The unicycle dynamics in discrete-time is given by:

$$ \begin{array}{l} {x_{k + 1}} = {x_k} + \Delta {s_{k + 1}} \times \cos ({\theta _{k + 1}})\\ {x_{k + 1}} = {x_k} + \Delta {s_{k + 1}} \times \sin ({\theta _{k + 1}})\\ {\theta _{k + 1}} = {\theta _{k }} + \Delta {\theta _{k + 1}} \end{array} $$

However, some researchers have introduced an additional term to the argument of the trigonometric functions above; for example see: Autonomous Land Vehicles: Steps towards Service Robots By Karsten Berns, and Ewald Puttkamer

$$ \begin{array}{l} {x_{k + 1}} = {x_k} + \Delta {s_{k + 1}} \times \cos ({\theta _{k }} + \frac{{\Delta {\theta _{k + 1}}}}{2})\\ {x_{k + 1}} = {x_k} + \Delta {s_{k + 1}} \times \sin ({\theta _{k }} + \frac{{\Delta {\theta _{k + 1}}}}{2})\\ {\theta _{k + 1}} = {\theta _{k }} + \Delta {\theta _{k + 1}} \end{array} $$

I was wondering which one is geometrically correct? In other words, how we can show that $\cos ({\theta _k} + \frac{{\Delta {\theta _{k + 1}}}}{2}) = \cos ({\theta _{k + 1}})$?

According to the following figure, we have

$$ \Delta {x_{k + 1}} = \Delta {s_{k + 1}} \times \sin (\frac{{\Delta {\theta _{k + 1}}}}{2}) $$

This may seem to be a strange result, since we said that

$$ \Delta {x_{k + 1}} = \Delta {s_{k + 1}} \times \cos ({\theta _{k + 1}} + \frac{{\Delta {\theta _{k + 1}}}}{2}) $$


The solution of unicycle's system of ODEs with MIDPOINT METHOD:

$$ \begin{array}{l} {t_{k + 1}} = {t_k} + \frac{T}{2}\\ {\theta _{mid}} = {\theta _k} + \omega \frac{T}{2}\\ \begin{array}{*{20}{l}} {{x_{k + 1}} = {x_k} + v \times \cos ({\theta _{mid}}) \times T = {x_k} + v \times \cos ({\theta _k} + \omega \frac{T}{2}) \times T}\\ {{y_{k + 1}} = {y_k} + v \times \sin ({\theta _k} + \omega \frac{T}{2}) \times T}\\ {{\theta _{k + 1}} = {\theta _k} + \omega T} \end{array} \end{array} $$

Autonomous Land Vehicles: Steps towards Service Robots By Karsten Berns, Ewald Puttkamer


1 Answer 1


tl;dr: don't worry about it

Your system really operates in continuous time, described by differential equations. It's a convenient, even necessary, approximation to use discrete time and difference equations. The dynamics solution would result from integrating the differential equations; the difference equations approximately solve the problem by doing numeric integration.

As it happens, our predecessors over the previous two centuries have left us a rich literature about numeric integration methods, and approaches to difference equations. I spent some time refreshing my undergrad training by browsing Wikipedia for "Numerical methods for ordinary differential equations", "Euler method", "Midpoint method", "Runge-Kutta methods", etc. Recall that in the 18th and 19th centuries, computation was vastly more expensive than now, so there was a big payoff for seeking every last bit of computational efficiency. There is no One Method to Rule Them All.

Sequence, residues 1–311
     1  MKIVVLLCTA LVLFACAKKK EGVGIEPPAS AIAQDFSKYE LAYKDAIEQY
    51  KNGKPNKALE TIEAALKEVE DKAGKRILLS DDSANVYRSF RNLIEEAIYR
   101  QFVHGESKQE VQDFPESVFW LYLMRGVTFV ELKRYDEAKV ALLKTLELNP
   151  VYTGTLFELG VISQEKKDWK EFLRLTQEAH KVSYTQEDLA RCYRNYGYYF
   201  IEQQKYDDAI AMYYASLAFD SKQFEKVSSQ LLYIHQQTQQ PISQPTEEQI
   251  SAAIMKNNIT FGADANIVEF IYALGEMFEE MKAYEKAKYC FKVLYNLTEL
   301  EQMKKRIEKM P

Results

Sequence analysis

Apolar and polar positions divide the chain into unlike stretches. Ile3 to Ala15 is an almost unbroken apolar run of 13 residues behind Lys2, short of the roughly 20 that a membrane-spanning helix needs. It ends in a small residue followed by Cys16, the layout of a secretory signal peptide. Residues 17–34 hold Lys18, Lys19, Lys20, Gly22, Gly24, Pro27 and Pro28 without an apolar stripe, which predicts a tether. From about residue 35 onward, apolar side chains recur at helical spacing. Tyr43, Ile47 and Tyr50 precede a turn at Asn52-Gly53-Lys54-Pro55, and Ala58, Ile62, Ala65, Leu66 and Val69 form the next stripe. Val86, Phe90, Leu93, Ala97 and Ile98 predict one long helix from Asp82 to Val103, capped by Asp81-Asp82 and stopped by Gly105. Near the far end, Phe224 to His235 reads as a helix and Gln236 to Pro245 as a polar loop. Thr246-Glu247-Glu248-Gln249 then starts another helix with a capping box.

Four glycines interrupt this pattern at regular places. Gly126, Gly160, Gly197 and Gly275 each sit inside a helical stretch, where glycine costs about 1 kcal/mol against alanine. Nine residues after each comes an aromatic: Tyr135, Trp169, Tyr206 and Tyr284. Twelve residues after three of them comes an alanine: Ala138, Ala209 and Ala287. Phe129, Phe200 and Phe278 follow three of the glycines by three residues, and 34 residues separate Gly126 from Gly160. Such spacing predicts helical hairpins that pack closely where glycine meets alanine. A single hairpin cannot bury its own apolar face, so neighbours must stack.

Some variants evaluate integrand terms in the middle of the discrete interval. I haven't bothered to actually crank through the math, but I expect the geometric formulation you show (with the angle bisector being perpendicular to the chord) winds up equivalent to the midpoint method -- giving rise to $\Delta \theta/2$. That's only one of several methods and variants that may (or may not) be the very best compromise between compute time and accuracy. When our predecessors fiddled the equations to improve convergence (or something), that is equivalent to fiddling the details of the geometry.

Nowadays, computation is cheap enough that we don't need to struggle to find the very best method -- any of them would probably work fine for us. We just need one that is adequate, and if you find you need more accuracy, burn some compute cycles by using a smaller discrete step size.

At the risk of seeming to be an overly pragmatic roboticist, I would suggest "don't worry about it".

  • $\begingroup$ Thank you for your answer. Based on your explanations, I've added the derivation of discretized version with the midpoint method. $\endgroup$
    – sci9
    Oct 4, 2021 at 6:12
  • $\begingroup$ However, regardless of the methods we can use for the discretization of ODEs, it's obvious from the figure that $ \Delta {x_{k + 1}} = \Delta {s_{k + 1}} \times \sin (\frac{{\Delta {\theta _{k + 1}}}}{2}) $, which is a strange result!? Since we must have $ \Delta {x_{k + 1}} = \Delta {s_{k + 1}} \times \cos (\frac{{\Delta {\theta _{k + 1}}}}{2}) $ $\endgroup$
    – sci9
    Oct 4, 2021 at 6:16

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